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State of the Union speech

by Walter Olson on January 29, 2014

Update: I’m in this Cato video, my brief contribution on the president’s executive order powers beginning around the 2:15 mark:

I tweeted and liveblogged the State of the Union address last night so you wouldn’t have to watch. Here are Twitter highlights, in regular rather than reverse chronological order:

Tune in Tuesday night as Cato colleagues and I liveblog the State of the Union, or check Twitter at #CatoSOTU.

While you’re at it, do follow me on Twitter at @walterolson and @overlawyered, and at Facebook on both author and blog pages.

Surveillance roundup

by Walter Olson on December 12, 2013

  • “That Thing They Said They’re Not Doing? They’re Totally Doing.” [Daily Show with Jon Stewart] “Exactly What the State Says to Deceive You About Surveillance” [Conor Friedersdorf]
  • “Warrantless Cellphone ‘Tower Dumps’ Becoming Go-To Tool For Law Enforcement” [Tim Cushing, TechDirt; Ellen Nakashima, Washington Post; David Kravets, Wired; USA Today (local law enforcement using, not just federal)]
  • Google, Apple, Microsoft, Facebook, Twitter, Yahoo, AOL, LinkedIn, but telecoms absent: “U.S. Tech Industry Calls for Surveillance Reform” [Corporate Counsel, EFF, Marvin Ammori/USA Today]
  • New Federalist Society symposium on NSA/FISA surveillance and bulk data collection includes names like Randy Barnett, Jim Harper, Jeremy Rabkin, Stewart Baker, Grover Joseph Rees [Engage, Randy Barnett]
  • Nowadays “law enforcement can feel free to admit their traffic stops are pretextual” Thanks, Drug War! [Popehat] “Sobriety Checkpoints Paved Path to NSA Email Spying” [Wired]
  • FATCA, the intrusive overseas tax enforcement law, isn’t couched in public controversy as a federal data-snooping issue, but it should be [Radley Balko, McClatchy]

Free speech roundup

by Walter Olson on July 31, 2013

  • “Bryon Farmer of the Blackfeet Tribe Jailed For Talking About Corruption In Tribal Government” [Ken at Popehat] “Popehat Signal: Vengeful AIDS Denialist Sues Critic In Texas” [same]
  • Persons with federal government contracts can’t give to federal candidates or parties. Too broad? [Ilya Shapiro and Trevor Burrus, Cato]
  • “Together at last! ‘Some US conservatives laud Russia’s anti-gay bill.'” [@jon_rauch on Associated Press re: "propaganda" measure]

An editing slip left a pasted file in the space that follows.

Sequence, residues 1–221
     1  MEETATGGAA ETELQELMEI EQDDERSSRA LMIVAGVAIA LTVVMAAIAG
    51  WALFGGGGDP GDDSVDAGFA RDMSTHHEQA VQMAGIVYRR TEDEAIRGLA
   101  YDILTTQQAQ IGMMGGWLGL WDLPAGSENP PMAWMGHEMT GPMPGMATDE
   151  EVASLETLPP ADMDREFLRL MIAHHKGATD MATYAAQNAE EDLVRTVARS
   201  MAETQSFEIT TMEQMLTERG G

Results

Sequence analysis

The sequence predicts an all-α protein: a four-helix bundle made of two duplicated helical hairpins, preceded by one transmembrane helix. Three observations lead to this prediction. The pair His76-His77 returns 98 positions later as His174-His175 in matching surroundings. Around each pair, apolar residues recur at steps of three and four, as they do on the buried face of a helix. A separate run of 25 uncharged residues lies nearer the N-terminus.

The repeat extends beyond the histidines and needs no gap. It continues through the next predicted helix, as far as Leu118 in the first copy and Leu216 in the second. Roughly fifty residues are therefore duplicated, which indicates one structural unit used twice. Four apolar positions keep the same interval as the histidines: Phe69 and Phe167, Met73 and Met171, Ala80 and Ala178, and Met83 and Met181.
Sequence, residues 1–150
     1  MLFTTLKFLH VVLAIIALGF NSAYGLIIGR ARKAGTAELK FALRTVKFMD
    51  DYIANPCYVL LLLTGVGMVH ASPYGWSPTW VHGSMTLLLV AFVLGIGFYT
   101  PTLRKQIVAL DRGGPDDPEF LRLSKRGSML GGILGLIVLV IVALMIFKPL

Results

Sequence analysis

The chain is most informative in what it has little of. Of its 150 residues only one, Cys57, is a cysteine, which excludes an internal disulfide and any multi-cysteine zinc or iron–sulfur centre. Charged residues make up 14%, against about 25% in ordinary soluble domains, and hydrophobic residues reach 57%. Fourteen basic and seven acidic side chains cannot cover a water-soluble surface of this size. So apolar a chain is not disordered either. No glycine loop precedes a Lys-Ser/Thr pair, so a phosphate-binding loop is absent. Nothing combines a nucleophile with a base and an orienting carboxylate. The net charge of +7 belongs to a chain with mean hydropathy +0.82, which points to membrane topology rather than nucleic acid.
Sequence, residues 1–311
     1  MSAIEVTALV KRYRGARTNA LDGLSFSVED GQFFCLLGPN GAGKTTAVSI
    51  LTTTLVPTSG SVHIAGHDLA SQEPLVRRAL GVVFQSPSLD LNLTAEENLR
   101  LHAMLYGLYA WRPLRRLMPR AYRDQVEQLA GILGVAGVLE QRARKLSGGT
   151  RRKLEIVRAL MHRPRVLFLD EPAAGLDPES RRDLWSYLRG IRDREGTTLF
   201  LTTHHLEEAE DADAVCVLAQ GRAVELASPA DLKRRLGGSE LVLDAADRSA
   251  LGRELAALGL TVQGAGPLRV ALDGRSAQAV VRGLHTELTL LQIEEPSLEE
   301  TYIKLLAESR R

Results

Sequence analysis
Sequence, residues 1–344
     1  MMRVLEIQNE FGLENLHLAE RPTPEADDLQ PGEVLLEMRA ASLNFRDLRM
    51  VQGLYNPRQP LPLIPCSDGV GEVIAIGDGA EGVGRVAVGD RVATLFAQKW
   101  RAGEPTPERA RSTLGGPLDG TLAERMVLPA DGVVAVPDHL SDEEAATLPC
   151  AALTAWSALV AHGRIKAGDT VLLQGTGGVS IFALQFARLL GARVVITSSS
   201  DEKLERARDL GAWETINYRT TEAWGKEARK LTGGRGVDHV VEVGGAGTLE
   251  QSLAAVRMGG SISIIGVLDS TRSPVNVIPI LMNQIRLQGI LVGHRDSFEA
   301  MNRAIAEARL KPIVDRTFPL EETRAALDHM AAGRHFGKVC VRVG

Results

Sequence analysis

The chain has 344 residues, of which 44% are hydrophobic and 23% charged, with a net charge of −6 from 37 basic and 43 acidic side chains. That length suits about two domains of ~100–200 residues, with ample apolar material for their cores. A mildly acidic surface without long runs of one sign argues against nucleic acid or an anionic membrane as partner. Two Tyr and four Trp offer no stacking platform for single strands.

• More on Second Circuit decision ruling scientific conclusions akin to protected opinion for defamation purposes [Digital Media Law Project, earlier]
  • San Antonio bars appointment to its city boards and commissions of anyone who has ever said anything demonstrating bias “against any person, group or organization on the basis of race” or various other protected categories [Eugene Volokh]
  • Cincinnati Bengals cheerleader wins defamation suit holding gossip site operator liable for user comments [Sporting News] Michigan: “Ionia newspaper editor files defamation suit against critics” [MLive, Popehat with a critical view, update at Popehat following dismissal]
  • “Hate speech” at issue: “Twitter releases users’ identities to French authorities after tough legal battles.” [JOLT]

Medical roundup

by Walter Olson on July 25, 2013

  • Crisis of sterile injectables rages on, among victims are premature infants who need parenteral nutrition [Washingtonian ("Even if the FDA’s doing something terrible, we can’t criticize them. They regulate us.") via Tabarrok, earlier here, here, here, etc.]
  • “Tweets not medical advice” [@Caduceusblogger via @jackshafer]
  • “Why Your Dog Can Get Vaccinated Against Lyme Disease And You Can’t” [Curt Nickisch, WBUR]
  • Cites distinctive Connecticut law: “Hospital Successfully Sues its Patient’s Attorneys for Filing a Vexatious Malpractice Suit” [Alex Stein, Bill of Health]
  • Should adversarial medical examinations be videotaped? [Turkewitz]
  • “Lawyers Have Learned To Distort Pharmacovigilance Signals” [Oliver on FDA Adverse Event Reporting System (FAERS), earlier]
  • Causation from nasal decongestant at issue: “Judge orders UW to pay $15M to Snoqualmie family” [KING5]
  • “The ban on compensated transplant organ donation has led to hundreds of thousands of excess deaths. A ban on compensated sperm and egg donation would lead to a dearth of lives.” [Alex Tabarrok, related on Canada]